Tom’s Blog

August 17, 2009

ByVal vs ByRef – What is the Difference?

Filed under: General,Visual Basic — Tom Shelton @ 10:44 pm

Over the years, I’ve noticed that there seems to be a lot of confusion about the difference between passing a parameter ByVal vs. ByRef.    So, I thought I’d spend some time writing something on this topic.  It should be noted, that while I will be discussing this from the view point of VB.NET, the same basic concepts also apply to VB.CLASSIC – it’s just that some of the terminology is different.

First, let’s cover the definition of these two keywords as they are presented in the Visual Basic documentation.

ByVal

Specifies that an argument is passed in such a way that the called procedure or property cannot change the value of a variable underlying the argument in the calling code.

ByRef

Specifies that an argument is passed in such a way that the called procedure can change the value of a variable underlying the argument in the calling code.

On the surface, these two statements seem simple enough.  ByVal (short for By Value) means that the called procedure can not alter the value that was passed.  In essence, when you pass ByVal – a copy of the original value is made and passed to the procedure.  ByRef (short for By Reference) on the other hand is just the opposite.  When, a value is passed ByRef, then a reference – aka pointer (in fact it is more accurate to say that it is a C++ reference then a pointer) – to the original value is passed, so any changes made to this value alter the callers state.  Just to test this out, lets create a little test code and see what happens:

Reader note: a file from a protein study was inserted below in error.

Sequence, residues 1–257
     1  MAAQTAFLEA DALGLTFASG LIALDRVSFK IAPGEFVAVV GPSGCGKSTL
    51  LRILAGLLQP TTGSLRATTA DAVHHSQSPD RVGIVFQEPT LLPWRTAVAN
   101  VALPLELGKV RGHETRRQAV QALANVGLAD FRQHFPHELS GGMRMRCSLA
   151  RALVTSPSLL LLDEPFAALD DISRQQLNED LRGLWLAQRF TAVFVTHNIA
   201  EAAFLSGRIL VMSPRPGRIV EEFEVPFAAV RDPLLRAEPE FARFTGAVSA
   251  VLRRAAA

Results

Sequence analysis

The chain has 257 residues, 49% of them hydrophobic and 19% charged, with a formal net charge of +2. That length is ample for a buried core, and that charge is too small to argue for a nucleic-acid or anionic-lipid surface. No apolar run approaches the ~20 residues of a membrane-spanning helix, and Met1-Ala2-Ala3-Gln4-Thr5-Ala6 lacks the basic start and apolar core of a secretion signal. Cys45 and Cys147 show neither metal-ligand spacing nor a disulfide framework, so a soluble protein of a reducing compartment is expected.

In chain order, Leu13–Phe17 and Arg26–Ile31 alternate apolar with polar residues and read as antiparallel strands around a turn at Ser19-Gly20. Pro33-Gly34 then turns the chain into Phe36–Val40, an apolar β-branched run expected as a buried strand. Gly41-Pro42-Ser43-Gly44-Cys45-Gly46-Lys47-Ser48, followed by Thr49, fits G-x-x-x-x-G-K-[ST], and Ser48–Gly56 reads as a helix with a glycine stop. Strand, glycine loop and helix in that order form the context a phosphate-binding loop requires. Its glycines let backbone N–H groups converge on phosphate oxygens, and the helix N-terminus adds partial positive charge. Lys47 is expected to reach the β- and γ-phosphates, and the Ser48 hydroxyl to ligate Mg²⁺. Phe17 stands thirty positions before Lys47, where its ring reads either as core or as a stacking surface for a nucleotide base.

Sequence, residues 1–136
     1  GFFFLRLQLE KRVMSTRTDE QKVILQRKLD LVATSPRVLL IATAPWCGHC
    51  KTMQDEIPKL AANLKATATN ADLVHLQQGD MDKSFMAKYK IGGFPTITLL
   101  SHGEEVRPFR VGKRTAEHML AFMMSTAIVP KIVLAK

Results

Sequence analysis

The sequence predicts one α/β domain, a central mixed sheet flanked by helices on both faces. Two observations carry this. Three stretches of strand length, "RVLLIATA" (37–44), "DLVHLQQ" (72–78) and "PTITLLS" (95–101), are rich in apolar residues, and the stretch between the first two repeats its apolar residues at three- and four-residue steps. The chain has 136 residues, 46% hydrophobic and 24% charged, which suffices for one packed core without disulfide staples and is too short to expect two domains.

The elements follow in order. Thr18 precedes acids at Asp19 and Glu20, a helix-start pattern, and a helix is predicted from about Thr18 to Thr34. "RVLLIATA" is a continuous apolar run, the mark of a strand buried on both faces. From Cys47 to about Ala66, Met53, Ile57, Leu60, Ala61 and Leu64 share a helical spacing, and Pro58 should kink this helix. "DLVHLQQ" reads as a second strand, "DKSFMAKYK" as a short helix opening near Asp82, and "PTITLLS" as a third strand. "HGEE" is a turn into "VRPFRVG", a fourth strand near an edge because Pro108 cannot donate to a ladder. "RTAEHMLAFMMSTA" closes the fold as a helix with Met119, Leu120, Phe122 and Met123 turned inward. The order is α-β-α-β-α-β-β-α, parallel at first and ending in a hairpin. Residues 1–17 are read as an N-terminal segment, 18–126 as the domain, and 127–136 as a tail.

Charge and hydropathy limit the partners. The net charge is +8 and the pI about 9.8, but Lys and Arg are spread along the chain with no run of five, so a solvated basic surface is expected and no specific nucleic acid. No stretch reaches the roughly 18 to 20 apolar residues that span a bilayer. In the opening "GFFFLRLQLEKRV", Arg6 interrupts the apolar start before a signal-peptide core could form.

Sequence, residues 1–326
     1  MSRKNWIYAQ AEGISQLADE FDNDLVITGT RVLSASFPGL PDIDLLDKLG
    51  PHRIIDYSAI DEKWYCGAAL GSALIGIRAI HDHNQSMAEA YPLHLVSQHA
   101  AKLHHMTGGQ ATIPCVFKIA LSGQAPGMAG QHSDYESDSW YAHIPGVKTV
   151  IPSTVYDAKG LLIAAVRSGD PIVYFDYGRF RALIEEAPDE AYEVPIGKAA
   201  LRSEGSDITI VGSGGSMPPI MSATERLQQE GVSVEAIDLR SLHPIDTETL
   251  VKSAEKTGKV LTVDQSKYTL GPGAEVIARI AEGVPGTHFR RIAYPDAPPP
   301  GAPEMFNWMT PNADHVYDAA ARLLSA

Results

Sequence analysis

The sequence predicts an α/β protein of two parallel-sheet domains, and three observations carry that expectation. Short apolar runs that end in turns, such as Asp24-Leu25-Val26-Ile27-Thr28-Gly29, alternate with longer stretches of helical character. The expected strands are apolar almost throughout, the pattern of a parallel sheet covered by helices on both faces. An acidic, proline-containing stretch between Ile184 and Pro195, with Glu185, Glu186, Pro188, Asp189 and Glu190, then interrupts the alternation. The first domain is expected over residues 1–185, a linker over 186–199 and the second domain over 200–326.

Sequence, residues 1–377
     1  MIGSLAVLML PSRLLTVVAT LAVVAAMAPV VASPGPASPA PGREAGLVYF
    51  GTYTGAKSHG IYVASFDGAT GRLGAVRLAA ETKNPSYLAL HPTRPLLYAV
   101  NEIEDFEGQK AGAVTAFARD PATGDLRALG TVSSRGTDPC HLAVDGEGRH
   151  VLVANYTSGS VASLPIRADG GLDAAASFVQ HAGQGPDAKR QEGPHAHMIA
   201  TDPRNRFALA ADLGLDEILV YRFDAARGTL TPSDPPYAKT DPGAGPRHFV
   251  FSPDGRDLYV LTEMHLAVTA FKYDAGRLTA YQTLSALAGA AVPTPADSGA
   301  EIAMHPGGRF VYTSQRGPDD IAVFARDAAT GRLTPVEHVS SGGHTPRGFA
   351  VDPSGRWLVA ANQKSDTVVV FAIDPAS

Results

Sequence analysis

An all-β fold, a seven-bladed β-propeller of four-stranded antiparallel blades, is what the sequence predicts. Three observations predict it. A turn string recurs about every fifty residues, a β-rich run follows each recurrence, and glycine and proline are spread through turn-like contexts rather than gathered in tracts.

1: Option Explicit On
   2: Option Strict On
   3:  
   4: Module Module1
   5:  
   6:     Sub Main()
   7:         Dim i As Integer = 0
   8:  
   9:         ' Pass an integer ByVal
  10:         Console.WriteLine("Before ByVal Call: i = {0}", i)
  11:         PassIntByVal(i)
  12:         Console.WriteLine("After ByVal Call: i = {0}", i)
  13:  
  14:         Console.WriteLine()
  15:  
  16:         ' Pass an integer ByRef
  17:         Console.WriteLine("Before ByRef Call: i = {0}", i)
  18:         PassIntByRef(i)
  19:         Console.WriteLine("After ByRef Call: i = {0}", i)
  20:  
  21:     End Sub
  22:  
  23:     Sub PassIntByVal(ByVal i As Integer)
  24:         i = 5
  25:     End Sub
  26:  
  27:     Sub PassIntByRef(ByRef i As Integer)
  28:         i = 5
  29:     End Sub
  30:  
  31: End Module

And our output:

output001

So far so good.  It looks exactly like we should expect given the definitions of ByVal and ByRef.  So, if things work according to the definition, why the confusion?   Well, lets expand this simple example a bit and see if things continue to hold up – this time by creating a structure and putting it to the same test as above:

   1: Option Explicit On
   2: Option Strict On
   3:  
   4: Module Module1
   5:  
   6:     Sub Main()
   7:         Dim i As Integer = 0
   8:  
   9:         ' Pass an integer ByVal
  10:         Console.WriteLine("Before ByVal Call: i = {0}", i)
  11:         PassIntByVal(i)
  12:         Console.WriteLine("After ByVal Call: i = {0}", i)
  13:  
  14:         Console.WriteLine()
  15:  
  16:         ' Pass an integer ByRef
  17:         Console.WriteLine("Before ByRef Call: i = {0}", i)
  18:         PassIntByRef(i)
  19:         Console.WriteLine("After ByRef Call: i = {0}", i)
  20:  
  21:         Console.WriteLine()
  22:  
  23:         Dim ts As TestStructure
  24:  
  25:         ' Pass a structure ByVal
  26:         Console.WriteLine("Before ByVal Call: ts.i = {0}, ts.j={1}", ts.i, ts.j)
  27:         PassStructureByVal(ts)
  28:         Console.WriteLine("After ByVal Call: ts.i = {0}, ts.j={1}", ts.i, ts.j)
  29: